(called aphotoelectron) has a rather low energy, and it would not travel far, except in a vacuum. The electron would be stopped by a retarding
potential of but 0.26 eV. In fact, if the photon wavelength were longer and its energy less than 2.71 eV, then the formula would give a negative
kinetic energy, an impossibility. This simply means that the 420-nm photons with their 2.96-eV energy are not much above the frequency
threshold. You can show for yourself that the threshold wavelength is 459 nm (blue light). This means that if calcium metal is used in a light
meter, the meter will be insensitive to wavelengths longer than those of blue light. Such a light meter would be completely insensitive to red light,
PhET Explorations: Photoelectric Effect
See how light knocks electrons off a metal target, and recreate the experiment that spawned the field of quantum mechanics.
Figure 29.10Photoelectric Effect (http://cnx.org/content/m42558/1.4/photoelectric_en.jar)
29.3Photon Energies and the Electromagnetic Spectrum
A photon is a quantum of EM radiation. Its energy is given by
and is related to the frequency
of the radiation by
(energy of a photon),
is the energy of a single photon and
is the speed of light. When working with small systems, energy in eV is often useful. Note that
Planck’s constant in these units is
Since many wavelengths are stated in nanometers (nm), it is also useful to know that
These will make many calculations a little easier.
All EM radiation is composed of photons.Figure 29.11shows various divisions of the EM spectrum plotted against wavelength, frequency, and
photon energy. Previously in this book, photon characteristics were alluded to in the discussion of some of the characteristics of UV, x rays, and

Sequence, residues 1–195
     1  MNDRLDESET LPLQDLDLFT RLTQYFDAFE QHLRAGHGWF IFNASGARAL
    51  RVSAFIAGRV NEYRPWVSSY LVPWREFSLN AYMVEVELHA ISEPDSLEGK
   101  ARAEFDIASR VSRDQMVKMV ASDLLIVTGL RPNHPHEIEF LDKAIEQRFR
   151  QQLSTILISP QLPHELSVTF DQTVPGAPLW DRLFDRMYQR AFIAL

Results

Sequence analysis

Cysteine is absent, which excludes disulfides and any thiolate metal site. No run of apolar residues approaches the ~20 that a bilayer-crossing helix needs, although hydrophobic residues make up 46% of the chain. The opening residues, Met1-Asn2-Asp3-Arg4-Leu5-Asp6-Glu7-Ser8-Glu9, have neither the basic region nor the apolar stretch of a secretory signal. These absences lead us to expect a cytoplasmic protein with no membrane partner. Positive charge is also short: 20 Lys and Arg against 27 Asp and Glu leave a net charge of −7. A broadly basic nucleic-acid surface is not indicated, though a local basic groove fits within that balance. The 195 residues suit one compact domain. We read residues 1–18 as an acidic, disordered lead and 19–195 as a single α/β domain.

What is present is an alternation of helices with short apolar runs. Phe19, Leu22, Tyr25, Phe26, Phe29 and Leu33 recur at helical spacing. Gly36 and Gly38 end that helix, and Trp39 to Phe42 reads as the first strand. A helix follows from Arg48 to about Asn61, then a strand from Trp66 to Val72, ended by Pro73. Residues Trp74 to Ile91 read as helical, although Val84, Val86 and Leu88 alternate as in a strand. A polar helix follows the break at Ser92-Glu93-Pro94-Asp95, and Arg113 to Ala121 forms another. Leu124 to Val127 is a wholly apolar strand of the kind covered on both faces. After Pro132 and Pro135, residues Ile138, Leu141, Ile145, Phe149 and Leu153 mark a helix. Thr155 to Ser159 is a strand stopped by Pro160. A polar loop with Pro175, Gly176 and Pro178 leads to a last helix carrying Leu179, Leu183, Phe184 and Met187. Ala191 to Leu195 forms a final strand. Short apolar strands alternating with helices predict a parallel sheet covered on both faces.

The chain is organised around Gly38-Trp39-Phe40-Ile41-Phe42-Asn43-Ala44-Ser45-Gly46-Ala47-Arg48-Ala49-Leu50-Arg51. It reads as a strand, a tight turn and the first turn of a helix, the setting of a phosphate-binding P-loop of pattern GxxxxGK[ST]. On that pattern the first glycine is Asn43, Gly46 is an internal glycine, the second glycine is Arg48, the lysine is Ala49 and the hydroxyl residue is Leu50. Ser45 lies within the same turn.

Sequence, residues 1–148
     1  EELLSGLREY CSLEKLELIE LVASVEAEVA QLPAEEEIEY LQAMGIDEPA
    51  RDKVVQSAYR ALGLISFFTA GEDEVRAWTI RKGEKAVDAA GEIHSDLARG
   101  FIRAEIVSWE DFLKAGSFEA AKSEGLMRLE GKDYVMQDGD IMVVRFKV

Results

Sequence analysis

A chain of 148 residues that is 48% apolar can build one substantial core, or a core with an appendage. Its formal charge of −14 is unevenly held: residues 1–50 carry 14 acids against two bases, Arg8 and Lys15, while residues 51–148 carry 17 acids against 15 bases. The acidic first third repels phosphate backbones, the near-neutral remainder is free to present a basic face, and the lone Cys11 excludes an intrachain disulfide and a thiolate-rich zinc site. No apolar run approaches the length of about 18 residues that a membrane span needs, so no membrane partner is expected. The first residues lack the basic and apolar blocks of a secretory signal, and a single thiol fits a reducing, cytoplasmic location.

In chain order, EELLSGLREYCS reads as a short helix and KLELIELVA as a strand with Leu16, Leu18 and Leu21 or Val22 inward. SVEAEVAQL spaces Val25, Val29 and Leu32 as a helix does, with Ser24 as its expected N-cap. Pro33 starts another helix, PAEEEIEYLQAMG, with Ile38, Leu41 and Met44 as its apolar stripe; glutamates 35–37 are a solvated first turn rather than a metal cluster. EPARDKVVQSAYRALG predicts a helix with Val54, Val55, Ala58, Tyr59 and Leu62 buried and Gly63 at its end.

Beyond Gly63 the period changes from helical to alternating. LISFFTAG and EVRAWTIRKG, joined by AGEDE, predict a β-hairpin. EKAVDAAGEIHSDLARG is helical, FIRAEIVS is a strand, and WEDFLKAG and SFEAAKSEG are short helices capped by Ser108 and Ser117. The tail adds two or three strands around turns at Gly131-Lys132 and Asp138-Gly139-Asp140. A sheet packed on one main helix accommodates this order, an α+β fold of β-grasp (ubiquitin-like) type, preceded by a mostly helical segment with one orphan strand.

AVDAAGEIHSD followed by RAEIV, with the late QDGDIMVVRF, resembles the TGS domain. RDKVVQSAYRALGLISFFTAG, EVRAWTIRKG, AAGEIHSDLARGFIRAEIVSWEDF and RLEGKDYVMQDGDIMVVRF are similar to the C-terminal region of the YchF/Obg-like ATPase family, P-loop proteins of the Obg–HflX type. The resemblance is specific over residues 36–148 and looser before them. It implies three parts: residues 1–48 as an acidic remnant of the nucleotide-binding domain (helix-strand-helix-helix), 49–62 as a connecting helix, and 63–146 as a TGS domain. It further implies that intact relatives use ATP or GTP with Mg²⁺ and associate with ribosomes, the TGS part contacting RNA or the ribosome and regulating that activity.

rays, the first of which start with frequencies just above violet in the visible spectrum. It was noted that these types of EM radiation have
characteristics much different than visible light. We can now see that such properties arise because photon energy is larger at high frequencies.
CHAPTER 29 | INTRODUCTION TO QUANTUM PHYSICS S 1035
Figure 29.11The EM spectrum, showing major categories as a function of photon energy in eV, as well as wavelength and frequency. Certain characteristics of EM radiation
are directly attributable to photon energy alone.
Table 29.1Representative Energies for Submicroscopic
Effects (Order of Magnitude Only)
Rotational energies of molecules
Vibrational energies of molecules
Energy between outer electron shells in atoms
Binding energy of a weakly bound molecule
Energy of red light
Binding energy of a tightly bound molecule
Energy to ionize atom or molecule
10 to 1000 eV
Photons act as individual quanta and interact with individual electrons, atoms, molecules, and so on. The energy a photon carries is, thus, crucial to
the effects it has.Table 29.1lists representative submicroscopic energies in eV. When we compare photon energies from the EM spectrum inFigure
29.11with energies in the table, we can see how effects vary with the type of EM radiation.
Gamma rays, a form of nuclear and cosmic EM radiation, can have the highest frequencies and, hence, the highest photon energies in the EM
spectrum. For example, a
-ray photon with
has an energy
This is sufficient energy to
ionize thousands of atoms and molecules, since only 10 to 1000 eV are needed per ionization. In fact,
rays are one type ofionizing radiation, as